Buying Land as an Investment

By Dan Hinson

buying_land

In today’s foreclosure-heavy market, it’s not uncommon to find land properties for sale in your area. Land has always been a great investment, due to its limited supply and historic rise in value. In fact, banks are now putting land on the market at prices that are pennies on the dollar compared with the original cost.

Many investors are purchasing land across Georgia. Depending on what you plan to do with the land, there are two different courses of action you can take:

Improving the Land

There are many types of land that you can purchase, some of which has been improved and some not. In Georgia, we have a lot of “pipe farms” available, which are pieces of land that have been stopped midway in the process of creating a community. Roads and sewer may have been installed. If you are investor, this may be good or bad. When you purchase a partially developed piece of land, you are most likely committing yourself to finishing the project, which can add more cost and more risk.

Unimproved land, or land in its natural state, can be purchased specifically to be improved and then sold. Improvement usually consists of building some type of structure on the land, whether it is residential or commercial. Building a structure on the land can significantly raise the value, however, like development of a subdivision, can be costly and add risk.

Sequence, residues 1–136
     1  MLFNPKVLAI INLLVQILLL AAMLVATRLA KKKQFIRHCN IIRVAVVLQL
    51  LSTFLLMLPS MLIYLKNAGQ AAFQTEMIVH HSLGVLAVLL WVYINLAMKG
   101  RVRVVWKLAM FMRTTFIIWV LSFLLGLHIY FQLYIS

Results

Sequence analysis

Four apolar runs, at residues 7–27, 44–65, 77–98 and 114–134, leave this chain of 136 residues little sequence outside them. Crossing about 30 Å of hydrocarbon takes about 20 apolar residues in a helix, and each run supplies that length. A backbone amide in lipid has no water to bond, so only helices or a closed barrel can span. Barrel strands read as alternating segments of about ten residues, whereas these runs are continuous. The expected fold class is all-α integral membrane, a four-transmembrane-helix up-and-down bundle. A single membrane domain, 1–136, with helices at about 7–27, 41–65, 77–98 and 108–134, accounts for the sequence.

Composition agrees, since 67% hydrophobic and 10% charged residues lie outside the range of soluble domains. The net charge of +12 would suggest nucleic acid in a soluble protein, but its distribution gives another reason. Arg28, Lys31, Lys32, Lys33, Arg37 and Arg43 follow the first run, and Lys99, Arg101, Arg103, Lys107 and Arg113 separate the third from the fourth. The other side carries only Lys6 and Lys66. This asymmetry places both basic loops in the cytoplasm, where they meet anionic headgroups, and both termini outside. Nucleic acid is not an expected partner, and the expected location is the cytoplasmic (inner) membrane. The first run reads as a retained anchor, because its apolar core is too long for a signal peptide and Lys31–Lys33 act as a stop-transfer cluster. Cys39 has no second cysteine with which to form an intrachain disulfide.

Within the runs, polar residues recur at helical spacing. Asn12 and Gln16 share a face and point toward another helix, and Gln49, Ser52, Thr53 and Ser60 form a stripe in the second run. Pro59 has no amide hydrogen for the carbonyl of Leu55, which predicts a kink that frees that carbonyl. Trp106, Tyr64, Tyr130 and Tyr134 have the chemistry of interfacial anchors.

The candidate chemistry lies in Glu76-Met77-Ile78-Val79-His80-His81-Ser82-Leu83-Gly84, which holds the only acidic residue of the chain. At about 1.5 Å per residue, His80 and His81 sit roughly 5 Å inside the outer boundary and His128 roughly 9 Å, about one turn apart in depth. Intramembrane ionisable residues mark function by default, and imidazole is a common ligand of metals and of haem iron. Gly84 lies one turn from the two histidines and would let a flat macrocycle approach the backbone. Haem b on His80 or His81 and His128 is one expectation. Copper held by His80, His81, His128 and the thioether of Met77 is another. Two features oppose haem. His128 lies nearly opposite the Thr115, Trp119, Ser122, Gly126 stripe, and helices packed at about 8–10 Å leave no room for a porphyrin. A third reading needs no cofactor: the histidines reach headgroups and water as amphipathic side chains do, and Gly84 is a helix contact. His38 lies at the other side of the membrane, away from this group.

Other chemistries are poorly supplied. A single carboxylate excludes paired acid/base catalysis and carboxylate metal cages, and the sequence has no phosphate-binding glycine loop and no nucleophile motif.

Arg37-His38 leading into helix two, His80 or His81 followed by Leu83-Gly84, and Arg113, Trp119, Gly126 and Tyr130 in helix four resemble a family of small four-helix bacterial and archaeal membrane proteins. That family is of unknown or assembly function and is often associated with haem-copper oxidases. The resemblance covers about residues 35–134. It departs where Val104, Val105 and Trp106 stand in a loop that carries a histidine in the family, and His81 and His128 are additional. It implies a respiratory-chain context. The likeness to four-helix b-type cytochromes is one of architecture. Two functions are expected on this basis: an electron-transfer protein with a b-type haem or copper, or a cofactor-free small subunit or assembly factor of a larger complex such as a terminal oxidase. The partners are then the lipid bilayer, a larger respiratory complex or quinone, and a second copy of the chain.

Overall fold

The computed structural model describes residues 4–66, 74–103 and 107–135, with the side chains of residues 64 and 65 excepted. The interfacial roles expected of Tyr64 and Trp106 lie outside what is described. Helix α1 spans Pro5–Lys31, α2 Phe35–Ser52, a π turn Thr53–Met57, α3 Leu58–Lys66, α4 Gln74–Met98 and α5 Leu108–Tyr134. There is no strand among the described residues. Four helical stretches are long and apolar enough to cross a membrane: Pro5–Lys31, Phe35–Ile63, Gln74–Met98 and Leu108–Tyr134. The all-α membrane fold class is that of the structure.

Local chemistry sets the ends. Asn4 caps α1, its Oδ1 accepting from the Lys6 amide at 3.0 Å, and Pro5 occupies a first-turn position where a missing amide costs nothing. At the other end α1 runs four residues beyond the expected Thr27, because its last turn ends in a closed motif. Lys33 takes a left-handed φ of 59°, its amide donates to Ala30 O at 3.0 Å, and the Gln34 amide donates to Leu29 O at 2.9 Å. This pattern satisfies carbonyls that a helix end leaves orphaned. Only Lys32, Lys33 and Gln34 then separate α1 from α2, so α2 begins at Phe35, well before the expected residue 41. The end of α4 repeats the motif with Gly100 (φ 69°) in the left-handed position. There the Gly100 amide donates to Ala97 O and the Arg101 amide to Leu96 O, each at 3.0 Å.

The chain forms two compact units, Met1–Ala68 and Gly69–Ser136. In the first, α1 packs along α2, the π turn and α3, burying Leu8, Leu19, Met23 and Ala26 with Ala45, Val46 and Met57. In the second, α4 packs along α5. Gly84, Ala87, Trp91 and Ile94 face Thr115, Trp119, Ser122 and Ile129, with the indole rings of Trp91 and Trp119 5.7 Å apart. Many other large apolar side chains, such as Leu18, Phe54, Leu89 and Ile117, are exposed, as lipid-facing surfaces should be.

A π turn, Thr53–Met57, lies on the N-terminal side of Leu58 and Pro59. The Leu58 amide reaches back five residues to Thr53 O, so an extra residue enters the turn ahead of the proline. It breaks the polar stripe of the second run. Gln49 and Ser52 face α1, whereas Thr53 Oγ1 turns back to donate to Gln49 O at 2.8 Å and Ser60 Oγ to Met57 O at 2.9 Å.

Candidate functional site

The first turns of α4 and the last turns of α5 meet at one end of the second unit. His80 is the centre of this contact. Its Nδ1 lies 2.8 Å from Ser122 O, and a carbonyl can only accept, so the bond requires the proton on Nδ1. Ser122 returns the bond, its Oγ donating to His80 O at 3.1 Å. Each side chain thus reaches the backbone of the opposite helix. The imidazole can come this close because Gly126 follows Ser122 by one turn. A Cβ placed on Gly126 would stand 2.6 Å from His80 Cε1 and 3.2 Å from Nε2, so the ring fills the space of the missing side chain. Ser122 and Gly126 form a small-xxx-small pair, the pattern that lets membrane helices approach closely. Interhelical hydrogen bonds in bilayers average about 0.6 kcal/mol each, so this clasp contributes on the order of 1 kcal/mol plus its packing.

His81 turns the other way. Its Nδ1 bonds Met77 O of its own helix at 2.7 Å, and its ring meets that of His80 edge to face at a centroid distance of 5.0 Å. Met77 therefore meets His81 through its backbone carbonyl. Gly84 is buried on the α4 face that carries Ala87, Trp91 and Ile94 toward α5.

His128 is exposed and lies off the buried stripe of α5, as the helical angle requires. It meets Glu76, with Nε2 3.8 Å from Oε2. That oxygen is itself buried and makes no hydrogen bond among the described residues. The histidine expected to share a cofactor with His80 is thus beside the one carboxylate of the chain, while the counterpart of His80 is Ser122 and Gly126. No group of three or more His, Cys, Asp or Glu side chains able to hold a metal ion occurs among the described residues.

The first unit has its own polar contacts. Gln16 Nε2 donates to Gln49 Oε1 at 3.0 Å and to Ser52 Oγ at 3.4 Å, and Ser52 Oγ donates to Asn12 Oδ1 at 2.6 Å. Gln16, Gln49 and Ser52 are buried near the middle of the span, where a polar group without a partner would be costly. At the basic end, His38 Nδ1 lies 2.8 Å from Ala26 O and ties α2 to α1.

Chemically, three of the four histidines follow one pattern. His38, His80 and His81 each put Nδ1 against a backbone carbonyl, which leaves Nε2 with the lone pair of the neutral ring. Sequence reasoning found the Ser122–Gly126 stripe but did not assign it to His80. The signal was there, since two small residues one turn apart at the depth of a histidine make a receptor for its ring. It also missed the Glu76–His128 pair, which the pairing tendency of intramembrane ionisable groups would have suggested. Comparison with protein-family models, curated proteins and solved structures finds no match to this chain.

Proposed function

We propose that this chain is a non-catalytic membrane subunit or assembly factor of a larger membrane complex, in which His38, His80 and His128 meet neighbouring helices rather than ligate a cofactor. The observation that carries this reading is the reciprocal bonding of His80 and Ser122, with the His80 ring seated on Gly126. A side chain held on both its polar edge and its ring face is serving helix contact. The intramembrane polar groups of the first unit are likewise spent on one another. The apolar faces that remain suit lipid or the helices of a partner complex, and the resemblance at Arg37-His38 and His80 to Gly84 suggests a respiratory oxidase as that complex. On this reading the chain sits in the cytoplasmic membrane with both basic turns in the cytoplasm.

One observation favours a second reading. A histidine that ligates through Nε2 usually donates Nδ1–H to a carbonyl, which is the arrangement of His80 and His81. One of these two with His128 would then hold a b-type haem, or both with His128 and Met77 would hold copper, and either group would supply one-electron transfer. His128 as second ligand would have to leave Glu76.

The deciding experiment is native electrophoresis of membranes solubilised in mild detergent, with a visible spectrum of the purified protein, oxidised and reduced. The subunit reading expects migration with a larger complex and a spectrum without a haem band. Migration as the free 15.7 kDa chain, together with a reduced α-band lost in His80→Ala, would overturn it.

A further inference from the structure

In today’s market, purchase money financing and/or institutional funding is less available to investors, so cash deals are more frequent. Improvements are financed, in great part, based on the strength of a business plan that ties generation of income to the improvement. The investor might consider an improvement to be a good investment, but the lender may not see the tangible means necessary for repayment.

Unimproved Land

Historically, raw or unimproved land values have risen, but like the rest of the real estate market today, buyers can often purchase land at lower than perceived market value. Many investors choose to purchase and hold unimproved land speculating that value and demand will increase within a reasonable timeframe. This strategy doesn’t involve building costs and maintenance is sometimes less expensive. Additionally, ROI from real estate investments has historically exceeded other investment opportunities. This rationale is widely held by speculative real estate investors today.

Land prices can be dirt cheap (pun intended) in rural areas, but growth can be slow depending upon the intended use of the land. The price of land may be higher in more populated areas, but the potential for return greater. Commercial and residential land values vary with location and use. There is no specific investment rule-of-thumb.

Current land investment opportunities are numerous and vary often providing the buyer with the upper hand. If you have any questions or comments about buying or selling land, be sure to post your thoughts below.

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